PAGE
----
What's the Intended Stimulus for this WOD?
I was having a conversation about intended stimulus for the workout of the day recently, and I realized it's more than likely a question several people have. It's not always easy to explain, but the truth is it's really not all that complicated either.
CrossFit itself is defined as a strength and conditioning program consisting of constantly varied functional movements executed at high intensity across broad time and modal domains.
But what does that exactly mean, and how is it related to intended stimulus in a workout? More importantly, what does that mean to me as an individual?
The intended stimulus of a workout is different from day to day. The reason for this is that it's constantly varied. It's designed to stress our bodies in varied ways for varied amounts of time--so they adapt to the stress and become stronger. That's how we increase our fitness. It's an incredibly effective process that touches on pretty much every aspect of strength and conditioning.
For today's workout, the stimulus might be to get it done within a specified period of time. Or, maybe it's to accomplish a specific number of reps as fast as you can. It could be to do lighter reps fast (high volume), or heavy reps more slowly (low volume), or maybe it's a long chipper that you have to push through mental walls and figure out how to pace yourself in order to get the work done. And other days, it'll be a short duration sprint to see how fast you can go. It all depends on what the workout is designed to help your body achieve. We stress your body in different ways--it's systems get stronger, and you become more fit. Next time, you'll be able to achieve more in the same or a similar workout. This is increased work capacity, which is also how CrossFit defines fitness.
The important thing to know about the intended stimulus for any workout, is that it can be adjusted to every level. We can take any workout and scale the number of reps, the amount of time, the weight, the distance--any aspect of the workout at all--to fit the individual athlete. This helps to ensure every person can do the same workout and finish in roughly the same amount of time--it preserves the intended stimulus. This is another reason why trying to RX a workout every time is a mistake--trust the process and stay within the time prescribed framework so you can realize your potential, and get the best possible results from your workouts.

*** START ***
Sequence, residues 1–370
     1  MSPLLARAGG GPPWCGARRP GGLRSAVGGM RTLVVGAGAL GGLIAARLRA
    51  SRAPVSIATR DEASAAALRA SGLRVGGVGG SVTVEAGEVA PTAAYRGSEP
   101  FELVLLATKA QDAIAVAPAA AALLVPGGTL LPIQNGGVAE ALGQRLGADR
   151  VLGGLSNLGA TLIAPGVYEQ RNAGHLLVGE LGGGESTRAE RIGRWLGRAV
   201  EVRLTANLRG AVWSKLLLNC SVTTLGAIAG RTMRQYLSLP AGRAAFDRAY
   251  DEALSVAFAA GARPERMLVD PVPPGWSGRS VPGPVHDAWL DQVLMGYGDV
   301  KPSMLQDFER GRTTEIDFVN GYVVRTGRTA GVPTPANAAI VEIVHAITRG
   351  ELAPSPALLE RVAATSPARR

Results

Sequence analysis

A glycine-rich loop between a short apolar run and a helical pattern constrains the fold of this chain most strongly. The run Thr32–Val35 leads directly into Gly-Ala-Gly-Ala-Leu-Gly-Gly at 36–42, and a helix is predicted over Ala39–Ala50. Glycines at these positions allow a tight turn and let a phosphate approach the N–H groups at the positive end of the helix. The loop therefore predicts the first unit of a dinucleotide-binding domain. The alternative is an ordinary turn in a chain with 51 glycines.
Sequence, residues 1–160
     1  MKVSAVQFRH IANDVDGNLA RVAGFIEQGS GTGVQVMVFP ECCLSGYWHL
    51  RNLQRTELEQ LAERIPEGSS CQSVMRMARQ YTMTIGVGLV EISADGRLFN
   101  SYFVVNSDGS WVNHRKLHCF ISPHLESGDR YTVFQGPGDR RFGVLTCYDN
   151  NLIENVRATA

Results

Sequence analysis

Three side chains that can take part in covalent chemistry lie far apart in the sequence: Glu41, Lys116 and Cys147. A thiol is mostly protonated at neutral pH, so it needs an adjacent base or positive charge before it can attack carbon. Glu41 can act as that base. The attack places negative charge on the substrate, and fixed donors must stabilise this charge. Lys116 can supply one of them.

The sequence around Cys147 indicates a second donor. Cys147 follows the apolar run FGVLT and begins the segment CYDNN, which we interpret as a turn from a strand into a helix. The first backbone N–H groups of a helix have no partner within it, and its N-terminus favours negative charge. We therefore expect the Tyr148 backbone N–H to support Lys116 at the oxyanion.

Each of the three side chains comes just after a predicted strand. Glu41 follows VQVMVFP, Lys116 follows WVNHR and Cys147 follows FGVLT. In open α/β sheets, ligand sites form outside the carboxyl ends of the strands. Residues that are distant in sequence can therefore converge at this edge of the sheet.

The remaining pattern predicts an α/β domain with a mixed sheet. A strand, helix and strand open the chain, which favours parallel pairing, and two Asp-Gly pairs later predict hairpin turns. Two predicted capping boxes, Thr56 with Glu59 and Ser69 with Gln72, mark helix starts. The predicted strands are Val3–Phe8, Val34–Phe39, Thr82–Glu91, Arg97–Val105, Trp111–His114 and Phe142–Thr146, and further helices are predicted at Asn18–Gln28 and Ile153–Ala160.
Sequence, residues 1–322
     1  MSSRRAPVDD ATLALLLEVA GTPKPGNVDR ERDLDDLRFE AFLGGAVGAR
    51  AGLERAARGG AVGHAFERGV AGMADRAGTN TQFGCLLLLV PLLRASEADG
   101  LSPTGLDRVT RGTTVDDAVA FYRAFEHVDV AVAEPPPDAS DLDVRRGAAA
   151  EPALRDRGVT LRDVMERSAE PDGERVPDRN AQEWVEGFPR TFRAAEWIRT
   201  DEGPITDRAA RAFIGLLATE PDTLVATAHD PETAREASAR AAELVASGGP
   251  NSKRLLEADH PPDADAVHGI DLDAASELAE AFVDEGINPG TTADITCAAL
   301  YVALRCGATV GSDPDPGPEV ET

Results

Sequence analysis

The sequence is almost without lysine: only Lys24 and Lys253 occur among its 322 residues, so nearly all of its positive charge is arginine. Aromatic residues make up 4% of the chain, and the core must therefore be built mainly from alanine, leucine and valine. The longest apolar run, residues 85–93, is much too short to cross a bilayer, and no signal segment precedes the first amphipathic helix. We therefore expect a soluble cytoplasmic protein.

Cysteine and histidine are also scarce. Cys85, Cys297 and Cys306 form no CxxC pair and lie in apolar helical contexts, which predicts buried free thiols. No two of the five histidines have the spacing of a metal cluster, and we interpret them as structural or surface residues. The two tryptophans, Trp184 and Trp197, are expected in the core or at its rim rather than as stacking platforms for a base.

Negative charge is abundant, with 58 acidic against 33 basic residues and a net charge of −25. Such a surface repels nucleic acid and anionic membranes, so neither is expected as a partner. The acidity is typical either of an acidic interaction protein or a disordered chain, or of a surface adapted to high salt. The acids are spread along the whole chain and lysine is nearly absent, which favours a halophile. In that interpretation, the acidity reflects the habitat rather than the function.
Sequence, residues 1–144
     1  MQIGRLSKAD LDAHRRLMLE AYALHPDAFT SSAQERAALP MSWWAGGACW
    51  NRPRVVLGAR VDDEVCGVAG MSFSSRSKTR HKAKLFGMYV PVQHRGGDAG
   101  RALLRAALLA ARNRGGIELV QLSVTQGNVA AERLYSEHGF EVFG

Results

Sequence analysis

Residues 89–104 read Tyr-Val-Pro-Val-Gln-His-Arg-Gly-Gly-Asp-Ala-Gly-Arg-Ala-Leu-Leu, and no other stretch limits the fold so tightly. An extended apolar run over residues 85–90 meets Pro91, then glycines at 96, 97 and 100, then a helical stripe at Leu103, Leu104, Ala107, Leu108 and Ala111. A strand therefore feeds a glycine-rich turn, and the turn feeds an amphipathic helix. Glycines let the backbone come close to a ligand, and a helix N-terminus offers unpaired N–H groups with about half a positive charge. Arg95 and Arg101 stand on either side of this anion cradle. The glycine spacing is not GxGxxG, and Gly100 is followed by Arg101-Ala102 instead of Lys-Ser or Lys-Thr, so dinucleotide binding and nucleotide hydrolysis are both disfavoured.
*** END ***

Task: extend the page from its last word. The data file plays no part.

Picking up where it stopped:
If we take the benchmark workout, Fran, as an example: it's a workout designed to make you push yourself to your limits within a short period of time. Everyone in the class from elite to intermediate to beginner athlete should be able to finish in 7 minutes or less.
Fran consists of 21-15-9 thrusters and pull-ups as fast as possible. It has made me want to cry (probably because I didn't scale enough though). To preserve the intention: high intensity, fast pace, finish within prescribed time, we make the movements accessible for everyone in the class. That means scale the thrusters weight, and/or possibly modify pull-ups to banded, jumping, or ring-rows).
If I know I can do 95/65# thrusters, that doesn't mean I should for this workout. Why? Because I know I won't finish in under 7 minutes if I do. I need to scale the weight in order to make sure I can meet the time requirement, and thus preserve the intended stimulus.
The benchmark workout, Cindy, is different. It's a long, low intensity workout with the intention of testing skill and stamina. It consists of as many rounds as possible (AMRAP) in 20 minutes of 5 pull-ups, 10 push-ups, and 15 air squats. I would only need to scale for skill (possibly banded or jumping pull-ups (or ring-rows), push-ups from knees, off a box or wall, and/or possibly air squats to a target for example). The number of rounds and reps I'm able to accomplish will be determined by the timecap. The next time I do this workout, I can try to beat my own time.
The next time you see a workout on the whiteboard, try to see if you can figure out what the intention behind is; you can ask coach if you're not sure. Stay within the prescribed limits of the workout so you can scale properly. This will allow you to adjust the workout for where you are today, knowing it will increase your fitness effectively--and much more safely than attempting to do more than your body is adapted for yet. At the same time, it will empower you because you'll know you've made the changes necessary to preserve the intention behind the workout.